• 2.

    Precision in introducing new procedures, such as UAS of the hypoglossal nerve or adult maxillary expansion (distraction osteogenesis maxillary expansion [DOME]), for previously unaddressed patient phenotypes (see Fig. 2 ).

  • 3.

    Precision in performing established procedures with more accuracy and consistency. This includes tissue-sparing pharyngoplasty, transoral robotic surgery for lingual tonsillectomy, and virtual surgical planning (VSP) for skeletal procedures (see Fig. 2 ).

A brief word about the original Riley-Powell Stanford algorithm is interesting and important. Robert Riley and Nelson Powell obtained dental degrees from the University of California, San Francisco. They both obtained medical degrees, and Robert Riley also completed an oral and maxillofacial surgery residency at the University of California, Los Angeles. They became residents of otolaryngology at Stanford University. At this time, care for OSA patients entered a dynamic era. Stanford is the pioneering grounds of sleep medicine and research, with the world’s first dedicated sleep clinic under Bill Dement. He first described rapid eye movement sleep. Dr. Dement then recruited Christian Guilleminault, who first introduced sleep apnea. Because the former Stanford otolaryngology and sleep medicine clinics were in the same building, the proximity and expert synergy among Guilleminault, Riley, and Powell produced the original Stanford sleep surgery algorithm. In the early 1990s, having the vision and capability to address both soft tissue and skeletal anatomic risk factors of OSA were defining for the field. Riley and Powell achieved high success and cure rates with patients going through phase 1 surgery—nasal, palate, and genioglossus advancement—followed by phase 2 surgery—MMA ( Fig. 1 ).

Fig. 1
Original Stanford sleep surgery algorithm. GAHM, genioglossus advancement with hyoid myotomy.

In contrast to the linear nature of the former Stanford algorithm, the new algorithm is on a continuum ( Fig. 2 ). Specifics of each procedure are in other articles of this issue. This article serves as a formal introduction to the authors’ current approach to sleep surgery patients.

Fig. 2
Updated Stanford sleep surgery algorithm. PE, physical exam; PSG, polysomnography; TB, tongue base.

How to optimize PAP or oral appliance therapy?

To begin, even if a patient is referred for surgery, a careful history about positive airway pressure (PAP) therapy needs to be undertaken. This is after having conducted a careful medical history as well. Patients with significant medical comorbidities or predominant central apnea are better treated with PAP therapy. A thorough nasal evaluation becomes critical, because treating nasal obstruction has been shown to decrease PAP pressure or increase adherence to PAP. Septoplasty, inferior turbinate reduction, and/or nasal valve stabilization plays a significant role in acceptance and adherence to PAP. Nasal evaluation should not end with anterior rhinoscopy, because approximately 27% of patients who cannot tolerate PAP present with posterior septal deviation that can be seen only by nasal endoscopy. This again is addressed with nasal surgery.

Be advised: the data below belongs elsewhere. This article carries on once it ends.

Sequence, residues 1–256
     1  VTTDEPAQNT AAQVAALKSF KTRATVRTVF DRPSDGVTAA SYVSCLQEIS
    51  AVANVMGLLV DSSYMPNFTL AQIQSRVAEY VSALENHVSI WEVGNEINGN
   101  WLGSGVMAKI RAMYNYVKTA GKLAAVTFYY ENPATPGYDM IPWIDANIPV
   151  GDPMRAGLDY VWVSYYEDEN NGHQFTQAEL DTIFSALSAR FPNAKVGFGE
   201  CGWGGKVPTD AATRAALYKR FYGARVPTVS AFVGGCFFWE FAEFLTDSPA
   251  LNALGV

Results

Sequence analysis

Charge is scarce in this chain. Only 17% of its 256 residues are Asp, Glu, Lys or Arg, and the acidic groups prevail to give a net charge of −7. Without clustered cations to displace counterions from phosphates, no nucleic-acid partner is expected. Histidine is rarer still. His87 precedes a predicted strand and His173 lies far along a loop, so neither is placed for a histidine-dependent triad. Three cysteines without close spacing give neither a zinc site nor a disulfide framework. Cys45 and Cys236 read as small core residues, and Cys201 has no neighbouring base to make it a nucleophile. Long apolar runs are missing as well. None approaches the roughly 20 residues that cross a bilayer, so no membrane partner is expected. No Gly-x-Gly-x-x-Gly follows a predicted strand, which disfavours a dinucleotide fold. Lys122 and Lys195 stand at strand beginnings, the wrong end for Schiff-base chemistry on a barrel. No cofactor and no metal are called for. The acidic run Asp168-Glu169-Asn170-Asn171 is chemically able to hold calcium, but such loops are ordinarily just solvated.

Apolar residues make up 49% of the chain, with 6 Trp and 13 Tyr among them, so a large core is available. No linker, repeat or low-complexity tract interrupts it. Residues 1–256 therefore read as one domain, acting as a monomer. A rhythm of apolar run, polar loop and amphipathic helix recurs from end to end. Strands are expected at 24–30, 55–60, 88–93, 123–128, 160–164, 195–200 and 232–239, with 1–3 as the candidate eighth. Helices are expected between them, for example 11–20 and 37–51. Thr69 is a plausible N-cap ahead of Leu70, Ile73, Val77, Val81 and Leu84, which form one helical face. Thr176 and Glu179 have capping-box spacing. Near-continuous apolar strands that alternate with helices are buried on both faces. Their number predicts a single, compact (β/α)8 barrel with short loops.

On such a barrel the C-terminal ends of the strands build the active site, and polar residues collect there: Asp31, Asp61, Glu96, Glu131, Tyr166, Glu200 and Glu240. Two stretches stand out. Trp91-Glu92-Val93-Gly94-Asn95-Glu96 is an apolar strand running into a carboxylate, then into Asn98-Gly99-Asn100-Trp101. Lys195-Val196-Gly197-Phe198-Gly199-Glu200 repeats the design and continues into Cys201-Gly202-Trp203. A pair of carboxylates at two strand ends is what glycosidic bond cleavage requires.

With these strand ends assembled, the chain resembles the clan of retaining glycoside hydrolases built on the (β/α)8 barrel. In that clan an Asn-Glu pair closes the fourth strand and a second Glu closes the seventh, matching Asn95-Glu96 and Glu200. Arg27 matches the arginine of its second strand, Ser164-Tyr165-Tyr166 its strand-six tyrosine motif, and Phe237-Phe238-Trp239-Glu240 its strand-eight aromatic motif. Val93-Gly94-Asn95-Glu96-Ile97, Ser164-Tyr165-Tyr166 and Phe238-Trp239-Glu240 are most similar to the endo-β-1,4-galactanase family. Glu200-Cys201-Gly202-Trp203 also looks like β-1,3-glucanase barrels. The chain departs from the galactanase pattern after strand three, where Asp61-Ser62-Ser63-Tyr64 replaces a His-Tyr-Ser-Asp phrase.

Less noticed as a key intervention for nasal obstruction is maxillary expansion. As evidenced in the pediatric literature, changing a high arched palate to a dome-shaped palate via rapid maxillary expansion treats nasal obstruction and OSA. The increase in nasal floor surface area decreases resistance through the internal nasal valve. Beyond improved nasal breathing, this also allows more intraoral volume for the tongue. In 2015, Liu et al started performing adult maxillary expansion, described as DOME. DOME expands the nasal floor, increases the internal nasal valve angle, and decreases nasal resistance both objectively and subjectively in adults.

Improving nasal breathing has an impact on not only PAP therapy but also oral appliance therapy (OAT). Although there are devices built to allow oral breathing, establishment of nasal breathing during sleep leads to more stable air flow and proper neurophysiologic effects on airway dilator muscles and improves sleep quality.

For patients with elevated BMI, both medical and surgical management have significant roles. Surgical intervention requires a period of maximal medical therapy; hence, referral to bariatric experts does not necessarily mean gastric bypass surgery. This can be helpful when counseling patients who are anxious about surgery as referrals are made.

Assuming patients have exhausted their PAP trial and evaluation, as described previously, and are willing to undergo surgery for OSA, the authors’ sleep surgery algorithm continues as follows.

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Jan 19, 2020 | Posted by in Oral and Maxillofacial Surgery | Comments Off on Sleep Surgery in the Era of Precision Medicine